Bharatanatyam is a classical dance form, accompanied by music, which comes from the Tamil Nadu state of southern India. Based on an ancient text, the Natya Shastra (the foundation of all Indian classical music and dance forms), until the mid-1940s it was part of the rituals of Hindu temple worship. The dancers came from a caste of women who were bound to the temples and were considered married to the gods.
At the time of Indian independence in 1947, the tradition was on the verge of dying due to Western influence, but the work of people such as Rukmini Devi, Kalanidhi Narayanan and E. Krishna Iyer rescued it, secularlized it, and also made it possible for men to dance. Now, it is no longer associated with Hindu temples and some dancers are not even Hindus.
The dance is a form of sign language, telling stories of and praising the Hindu deities. It is a complex and exacting art form which takes years to master. A student is not allowed to dance solo until her/his guru allows it, at which time the dancer presents a long, solo performance called the arangetram.
The most common musical accompaniment includes a singer – who leads the other musicians – along with percussion (usually the mridangam drums), a flute (there are several kinds that can be used), a melodic stringed instrument (today, often the violin but in earlier times, the veena), the manjira (a kind of hand cymbal); and the tambura, or drone. The drone, which gives the pitch, used to be played as a stringed instrument but today, it is possible to use a nice little machine to do its work.
The term "Indian Diaspora" refers to people of Indian heritage who live outside of India. In some cases, this means that family members four, five, six or more generations ago left India to settle in a new land. In other cases, it is a matter of people who left India yesterday; but all identify themselves as of Indian cultural heritage.
There are approxiately 30 million people that fall into the category of "Indian diaspora." They live on every habited continent in the world, with the largest number living in Nepal (where they number some six million people), and the second largest, the United States (with almost three and a half million). As a group, they are very diverse, not only in terms of how far back they trace their connection to India, but also in religion, economic condition, and many other factors.
To give an idea of the variety found in the community, it includes taxi drivers, medical doctors, owners of small shops targeting the "Indian Diaspora" community, owners of huge IT companies, and almost everything in between. In areas where there are large concentrations of these people, you can find Hindu temples, Moslem mosques, Christian churches, Sikh temples and other houses of worship that cater especially to them. Many areas have colorful cultural festivals and cultural organizations directed towards the "Indian Diaspora" community. It is a community proud of its cultural heritage, and most of its members are deeply religious...although of varying religions, of course.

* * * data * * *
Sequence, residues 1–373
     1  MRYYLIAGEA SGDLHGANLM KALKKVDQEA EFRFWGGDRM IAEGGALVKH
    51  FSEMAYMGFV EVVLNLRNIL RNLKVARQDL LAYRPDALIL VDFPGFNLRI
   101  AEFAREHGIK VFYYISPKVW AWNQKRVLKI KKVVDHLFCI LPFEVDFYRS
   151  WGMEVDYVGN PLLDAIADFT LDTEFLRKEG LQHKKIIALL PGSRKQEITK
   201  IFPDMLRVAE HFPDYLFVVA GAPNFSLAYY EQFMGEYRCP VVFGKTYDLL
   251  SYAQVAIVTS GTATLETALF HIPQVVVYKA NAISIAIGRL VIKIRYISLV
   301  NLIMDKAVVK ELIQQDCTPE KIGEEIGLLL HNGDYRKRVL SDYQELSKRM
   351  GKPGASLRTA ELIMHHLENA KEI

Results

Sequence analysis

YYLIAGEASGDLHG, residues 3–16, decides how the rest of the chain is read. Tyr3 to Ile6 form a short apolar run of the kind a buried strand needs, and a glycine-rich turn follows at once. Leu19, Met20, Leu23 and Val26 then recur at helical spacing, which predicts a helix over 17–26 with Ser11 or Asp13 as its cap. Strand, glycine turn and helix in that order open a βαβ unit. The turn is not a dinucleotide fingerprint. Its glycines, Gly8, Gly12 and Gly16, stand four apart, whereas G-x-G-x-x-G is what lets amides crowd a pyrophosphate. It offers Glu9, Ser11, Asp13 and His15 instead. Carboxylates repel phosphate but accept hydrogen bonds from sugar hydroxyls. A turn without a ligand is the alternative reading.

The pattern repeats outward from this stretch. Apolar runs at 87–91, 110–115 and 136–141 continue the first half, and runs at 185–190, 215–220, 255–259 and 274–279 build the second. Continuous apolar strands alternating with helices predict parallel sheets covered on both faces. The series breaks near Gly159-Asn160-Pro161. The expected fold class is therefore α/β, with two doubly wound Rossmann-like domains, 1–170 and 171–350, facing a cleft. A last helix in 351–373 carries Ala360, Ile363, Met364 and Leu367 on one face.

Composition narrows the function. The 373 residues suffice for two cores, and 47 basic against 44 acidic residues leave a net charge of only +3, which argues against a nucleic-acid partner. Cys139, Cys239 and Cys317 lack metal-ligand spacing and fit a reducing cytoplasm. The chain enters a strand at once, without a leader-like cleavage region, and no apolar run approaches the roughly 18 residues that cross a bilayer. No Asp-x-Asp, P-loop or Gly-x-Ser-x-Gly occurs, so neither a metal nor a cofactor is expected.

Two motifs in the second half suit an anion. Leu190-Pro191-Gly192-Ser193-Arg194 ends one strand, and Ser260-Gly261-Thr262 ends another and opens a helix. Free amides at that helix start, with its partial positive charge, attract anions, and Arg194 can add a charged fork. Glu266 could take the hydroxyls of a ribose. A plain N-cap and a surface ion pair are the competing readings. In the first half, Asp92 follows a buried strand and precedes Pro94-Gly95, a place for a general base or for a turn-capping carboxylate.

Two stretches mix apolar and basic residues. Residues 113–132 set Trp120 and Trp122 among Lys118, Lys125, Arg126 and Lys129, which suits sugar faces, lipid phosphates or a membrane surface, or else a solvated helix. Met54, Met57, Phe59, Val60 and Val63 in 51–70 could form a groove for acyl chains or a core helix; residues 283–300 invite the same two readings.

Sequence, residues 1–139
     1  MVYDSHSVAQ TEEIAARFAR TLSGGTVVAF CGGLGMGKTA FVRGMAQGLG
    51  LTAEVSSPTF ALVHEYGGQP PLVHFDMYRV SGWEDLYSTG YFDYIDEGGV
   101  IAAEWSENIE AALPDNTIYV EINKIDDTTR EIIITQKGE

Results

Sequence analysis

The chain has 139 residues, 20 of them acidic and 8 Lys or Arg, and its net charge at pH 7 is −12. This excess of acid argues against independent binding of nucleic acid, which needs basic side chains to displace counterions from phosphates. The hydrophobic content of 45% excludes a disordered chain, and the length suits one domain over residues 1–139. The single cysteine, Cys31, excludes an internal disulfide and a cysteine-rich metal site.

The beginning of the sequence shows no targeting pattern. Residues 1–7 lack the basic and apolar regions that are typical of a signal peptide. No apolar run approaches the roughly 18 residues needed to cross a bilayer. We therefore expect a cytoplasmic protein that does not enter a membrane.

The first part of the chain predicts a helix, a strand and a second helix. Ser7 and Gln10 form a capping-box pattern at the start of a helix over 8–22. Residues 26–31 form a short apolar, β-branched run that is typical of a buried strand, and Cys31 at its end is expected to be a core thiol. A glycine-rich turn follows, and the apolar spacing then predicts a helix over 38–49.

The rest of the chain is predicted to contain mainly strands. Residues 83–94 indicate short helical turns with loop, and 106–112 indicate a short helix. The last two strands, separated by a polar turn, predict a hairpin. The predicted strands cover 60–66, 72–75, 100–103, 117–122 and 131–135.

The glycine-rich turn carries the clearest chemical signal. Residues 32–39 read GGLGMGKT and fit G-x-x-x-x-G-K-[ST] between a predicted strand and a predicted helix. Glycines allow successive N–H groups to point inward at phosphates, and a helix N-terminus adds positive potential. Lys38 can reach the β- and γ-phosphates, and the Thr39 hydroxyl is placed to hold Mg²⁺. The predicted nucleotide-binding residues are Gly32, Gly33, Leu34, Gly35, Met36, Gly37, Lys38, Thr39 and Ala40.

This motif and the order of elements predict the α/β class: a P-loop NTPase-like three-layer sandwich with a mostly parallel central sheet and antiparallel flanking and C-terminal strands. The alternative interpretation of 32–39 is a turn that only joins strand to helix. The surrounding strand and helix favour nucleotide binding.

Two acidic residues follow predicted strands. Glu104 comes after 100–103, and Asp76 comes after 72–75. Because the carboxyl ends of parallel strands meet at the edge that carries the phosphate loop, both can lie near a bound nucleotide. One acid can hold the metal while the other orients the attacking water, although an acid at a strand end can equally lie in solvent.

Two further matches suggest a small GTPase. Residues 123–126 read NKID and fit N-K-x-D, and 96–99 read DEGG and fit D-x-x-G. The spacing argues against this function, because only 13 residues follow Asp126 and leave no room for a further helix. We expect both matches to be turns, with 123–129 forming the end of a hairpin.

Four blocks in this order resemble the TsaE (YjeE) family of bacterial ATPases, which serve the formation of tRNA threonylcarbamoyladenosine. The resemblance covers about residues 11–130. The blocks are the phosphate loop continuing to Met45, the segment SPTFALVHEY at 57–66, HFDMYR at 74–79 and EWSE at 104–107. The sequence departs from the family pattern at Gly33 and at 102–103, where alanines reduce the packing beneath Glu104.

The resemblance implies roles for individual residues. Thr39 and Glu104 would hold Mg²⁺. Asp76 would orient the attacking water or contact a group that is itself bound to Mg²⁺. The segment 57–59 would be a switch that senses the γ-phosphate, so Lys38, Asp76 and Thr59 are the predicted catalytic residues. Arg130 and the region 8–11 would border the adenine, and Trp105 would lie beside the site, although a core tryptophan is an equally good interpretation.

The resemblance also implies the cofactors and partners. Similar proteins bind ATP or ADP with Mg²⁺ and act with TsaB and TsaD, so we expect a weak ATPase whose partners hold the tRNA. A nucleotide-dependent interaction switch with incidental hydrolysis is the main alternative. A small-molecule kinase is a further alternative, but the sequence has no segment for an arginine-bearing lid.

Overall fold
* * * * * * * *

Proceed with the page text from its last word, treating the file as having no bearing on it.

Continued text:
Palomino Productions (whose legal name is Palomino Pro, LLC) is the production arm of filmmaker Eve A. Ma. Productions include her more than 15 documentaries, several experimental shorts, and a one-hour drama. We will only mention the highlights here.
Ma’s work has been in festivals and important events in seven countries on three continents (North America, Europe and Asia). Her work has won awards, and much of it is presented in two languages – English and Spanish. Her principal concerns are ethnic and cultural diversity, the arts, and communicating across boundaries. As she explains, “I’d like everyone to walk a mile in someone else’s shoes.”
In addition, she has created a series of broadcast one-hour documentaries about world music and dance, including Of Beauty & Deities as well as A Zest for Life: Afro-Peruvian Rhythms, a Source of Latin Jazz, and Pearls from the Sea: Music & Dance of Tahiti, all of which have and continue to be broadcast over educational stations in the United States. Ma's other work includes experimental shorts shot in Spain and the United States.